Photo courtesy of Klatch Coffee. On December 12, 1715, Dona Francisca Salazar Valdez, daughter of a very wealthy Spanish landowner named Francisco de Salazar y Barrios y Petronilla Valdes, donated 3 hectares of their Hacienda to build a town that was to be named in honor of the Virgin of Guadalupe. During most of the 18th … Continue reading "Colombia La Virgen"
Photo courtesy Victrola Coffee. In recent years Honduras has made great strides in bringing exceptional coffees to market. Transportation and processing issues, especially drying the parchment coffee have created challenges for a country that has all the right ingredients to produce great coffee. At the center of this shift is the Beneficio San Vicente coffee … Continue reading "Honduras Beneficio San Vicente"
Photo courtesy bigstockphoto.com. At first look this may sound too obvious, but let’s face a hard truth. Most people make their coffee with faucet water, in many cases unfiltered tap water. The question is how much does that affect my morning cup of joe? Coffee is more or less 98% water. Just as a chain … Continue reading "Better Water for Better Coffee"
Photo courtesy of Victrola Coffee. Geisha, or gesha, holds the record for the most expensive arabica varietal at coffee auctions, bringing in $170 per pound in 2010. This is because of the plant’s relative rarity and low crop yield. Most of the arabica coffee grown is either the typica or bourbon varietal, both of which … Continue reading "Colombia Valle del Cauca Cerro Azul Geisha"
Photo courtesy of Alvin’s of San Francisco. A blend of the finest lavender buds from Provence, France blended with a sweet Moroccan spearmint leaf to produce this mellow herbal tea. The subtle taste cooling mint and soothing lavender together form a relaxing tea for any occasion. This caffeine free blend is great for bedtime or … Continue reading "French Lavender Mint Tea"
Lion walking down the road in Kenya. Photo courtesy of Klatch Coffee. When we think of Kenya we think of lions…and great coffee. In Nairobi, the capital of Kenya, the city stretches around Nairobi National Park on three sides. Here rhinos, lions, and other wild beasts roam free against the backdrop of the only capital … Continue reading "Kenya Gaturiri"
This coffee farm rests along the edge of Cueva de los Cuacharo, Colombia, a 500 square mile biosphere where two mountain ranges converge. Photo courtesy of Coffea Roasterie. Coffee leaf rust, or roya, could affect a majority of the Central American crop for the next several years. Only a few years ago the Colombian coffee crop … Continue reading "Colombia Los Naranjos"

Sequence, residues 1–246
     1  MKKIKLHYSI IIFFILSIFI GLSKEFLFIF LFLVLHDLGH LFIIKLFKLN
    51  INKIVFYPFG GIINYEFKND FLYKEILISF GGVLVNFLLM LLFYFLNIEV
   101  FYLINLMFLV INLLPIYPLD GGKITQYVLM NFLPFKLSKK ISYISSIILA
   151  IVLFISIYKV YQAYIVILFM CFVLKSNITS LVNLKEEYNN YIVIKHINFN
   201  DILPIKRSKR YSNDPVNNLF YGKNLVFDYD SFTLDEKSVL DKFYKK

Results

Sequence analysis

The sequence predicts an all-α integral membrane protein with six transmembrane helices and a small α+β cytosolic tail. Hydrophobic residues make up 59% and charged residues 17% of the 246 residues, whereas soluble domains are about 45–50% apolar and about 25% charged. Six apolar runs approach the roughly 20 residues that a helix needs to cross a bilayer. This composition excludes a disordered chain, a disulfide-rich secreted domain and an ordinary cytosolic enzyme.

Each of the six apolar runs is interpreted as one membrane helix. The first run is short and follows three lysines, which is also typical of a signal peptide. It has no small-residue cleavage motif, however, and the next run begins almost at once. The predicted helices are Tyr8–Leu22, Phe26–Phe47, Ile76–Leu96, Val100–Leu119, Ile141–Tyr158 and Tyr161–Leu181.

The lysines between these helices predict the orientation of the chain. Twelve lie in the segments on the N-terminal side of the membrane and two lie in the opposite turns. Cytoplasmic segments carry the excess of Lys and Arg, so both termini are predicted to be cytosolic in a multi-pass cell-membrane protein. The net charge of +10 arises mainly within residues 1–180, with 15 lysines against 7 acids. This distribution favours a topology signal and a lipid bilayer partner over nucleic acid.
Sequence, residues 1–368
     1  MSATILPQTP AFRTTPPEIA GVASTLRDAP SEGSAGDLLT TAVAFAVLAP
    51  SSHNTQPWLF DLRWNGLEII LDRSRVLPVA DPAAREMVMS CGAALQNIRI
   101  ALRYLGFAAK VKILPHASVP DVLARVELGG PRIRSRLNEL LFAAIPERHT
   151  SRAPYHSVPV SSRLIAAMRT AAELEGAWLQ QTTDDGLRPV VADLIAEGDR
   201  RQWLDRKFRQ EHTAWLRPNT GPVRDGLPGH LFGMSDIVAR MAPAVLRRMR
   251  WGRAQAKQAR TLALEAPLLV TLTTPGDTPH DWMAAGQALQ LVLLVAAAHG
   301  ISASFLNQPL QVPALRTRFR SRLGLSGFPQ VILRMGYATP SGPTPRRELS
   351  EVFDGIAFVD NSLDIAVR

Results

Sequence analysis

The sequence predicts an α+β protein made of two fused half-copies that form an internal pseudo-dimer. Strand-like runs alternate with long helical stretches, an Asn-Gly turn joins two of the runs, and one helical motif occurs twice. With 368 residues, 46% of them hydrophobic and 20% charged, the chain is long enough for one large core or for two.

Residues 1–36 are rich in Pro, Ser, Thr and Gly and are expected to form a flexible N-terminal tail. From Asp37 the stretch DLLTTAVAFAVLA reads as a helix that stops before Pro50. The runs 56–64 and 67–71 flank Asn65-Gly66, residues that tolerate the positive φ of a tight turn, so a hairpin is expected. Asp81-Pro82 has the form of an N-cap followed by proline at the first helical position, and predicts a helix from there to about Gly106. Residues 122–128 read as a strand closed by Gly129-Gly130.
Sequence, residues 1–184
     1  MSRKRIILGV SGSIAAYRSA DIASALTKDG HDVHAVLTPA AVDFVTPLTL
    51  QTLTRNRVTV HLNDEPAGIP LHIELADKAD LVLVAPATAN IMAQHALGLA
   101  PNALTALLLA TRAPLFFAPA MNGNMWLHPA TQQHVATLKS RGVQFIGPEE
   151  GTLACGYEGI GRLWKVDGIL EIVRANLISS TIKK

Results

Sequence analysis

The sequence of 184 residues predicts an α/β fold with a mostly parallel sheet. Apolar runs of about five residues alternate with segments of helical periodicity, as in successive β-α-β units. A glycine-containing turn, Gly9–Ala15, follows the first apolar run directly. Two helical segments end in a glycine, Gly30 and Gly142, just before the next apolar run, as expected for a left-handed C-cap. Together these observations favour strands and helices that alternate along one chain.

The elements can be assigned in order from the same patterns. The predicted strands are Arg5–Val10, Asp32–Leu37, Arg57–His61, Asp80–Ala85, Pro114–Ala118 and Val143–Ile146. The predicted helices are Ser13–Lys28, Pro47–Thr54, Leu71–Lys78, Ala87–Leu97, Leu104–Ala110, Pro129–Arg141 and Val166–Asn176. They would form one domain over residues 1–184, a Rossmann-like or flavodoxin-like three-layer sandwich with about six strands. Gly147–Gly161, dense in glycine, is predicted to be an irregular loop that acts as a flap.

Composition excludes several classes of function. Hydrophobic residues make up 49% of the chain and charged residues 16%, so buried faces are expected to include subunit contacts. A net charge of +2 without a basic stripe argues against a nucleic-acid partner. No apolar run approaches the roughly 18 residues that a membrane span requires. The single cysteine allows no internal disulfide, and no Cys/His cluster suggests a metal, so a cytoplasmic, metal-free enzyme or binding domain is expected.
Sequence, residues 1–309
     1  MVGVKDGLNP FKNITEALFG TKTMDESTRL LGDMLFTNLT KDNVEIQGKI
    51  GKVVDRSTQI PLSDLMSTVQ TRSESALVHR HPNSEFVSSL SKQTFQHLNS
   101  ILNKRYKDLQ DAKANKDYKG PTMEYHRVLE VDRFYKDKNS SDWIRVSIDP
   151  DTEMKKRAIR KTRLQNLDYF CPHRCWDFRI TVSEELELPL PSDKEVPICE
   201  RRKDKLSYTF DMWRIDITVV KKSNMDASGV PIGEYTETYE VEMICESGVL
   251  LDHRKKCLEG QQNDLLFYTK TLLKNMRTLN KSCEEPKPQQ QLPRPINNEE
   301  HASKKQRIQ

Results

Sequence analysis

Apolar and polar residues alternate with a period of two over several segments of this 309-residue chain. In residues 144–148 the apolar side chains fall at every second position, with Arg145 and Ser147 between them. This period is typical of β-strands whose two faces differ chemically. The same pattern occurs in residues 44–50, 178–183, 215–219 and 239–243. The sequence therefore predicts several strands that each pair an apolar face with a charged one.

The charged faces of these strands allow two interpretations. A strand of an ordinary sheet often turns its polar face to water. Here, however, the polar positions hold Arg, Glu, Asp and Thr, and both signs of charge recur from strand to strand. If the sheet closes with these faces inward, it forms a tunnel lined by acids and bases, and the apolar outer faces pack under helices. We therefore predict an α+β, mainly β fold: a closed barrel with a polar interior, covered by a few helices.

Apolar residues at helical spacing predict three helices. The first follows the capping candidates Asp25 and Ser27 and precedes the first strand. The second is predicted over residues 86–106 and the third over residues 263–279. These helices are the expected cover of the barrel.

As one of the most sought after coffees in the world, Ethiopian Yirgacheffe has a floral, sweet, and citrus flavor profile. In Ethiopia you still find coffee trees in the wild and growing at elevations above 6000 feet. Ripe coffee cherries, such as these from the Kochere District, are processed at local cooperatives. The combination … Continue reading "Ethiopia Yirgacheffe Kochere"
Photo courtesy bigstockphoto.com. According to new research from the U.K., caffeine can give a memory boost….. at least to bees. The nectar of certain citrus flowers, along with coffee plant flowers, contain caffeine. The study found that when bees feed on nectar containing caffeine they are three times more likely to remember the scent of … Continue reading "The Buzz About Caffeine"
In the central northwestern part of Colombia, known as the coffee belt, coffee is produced year round with certain peaks. This coffee in grown high in the Andean mountains of Antioquia. Photo courtesy of Klatch Coffee. Please leave your thoughts and comments below.
Photo courtesy Wikimedia Commons/Smartse. In the worst epidemic of coffee rust since 1976, many Central American countries are in crisis. Plant damage from this disease is a constant threat to the future of Coffea arabica and now seems to be getting more resistant. Coffee is such a large part of the economy in these nations … Continue reading "Coffee Leaf Rust"
Photo courtesy of Beansmith Coffee. Love the artwork from this roaster! Papua New Guinea, located just north of Australia, has been involved in coffee production since 1926 when the first Jamaican Blue Mountain Coffee seeds were planted. The coffee is produced without the use of synthetic fertilizers and pesticides due to cost and availability. This results … Continue reading "Papua New Guinea"
Bab al Yemen, Sana’a – 13th century main entrance to the walled Old City. Photo courtesy bigstockphoto.com. Yemen is steeped in coffee tradition and the home of the infamous sea port Mocha. Although Ethiopia is the birthplace of coffee, Yemen has their own story as to who made the first cup of joe. THE HISTORY … Continue reading "Bab al Yemen, Sana’a"
Pan fried green tea with California grown rose petals and sun dried lemon peel. Photo courtesy Alvin’s of San Francisco.
Ethiopia – birthplace of coffee. Coffea arabica originated there and still grows wild in some areas. Photo courtesy of Coffea Roasterie. Please leave your thoughts and comments below.
Photo courtesy bigstockphoto.com. Did you know that the coffee bean we know and love is not a bean after all? Although similar in appearance to a member of the Leguminosae family, the coffee bean is really a seed. In the heart of a fruit, referred to as a coffee cherry, you will find what we commonly … Continue reading "Coffee Cherries and Coffee Beans"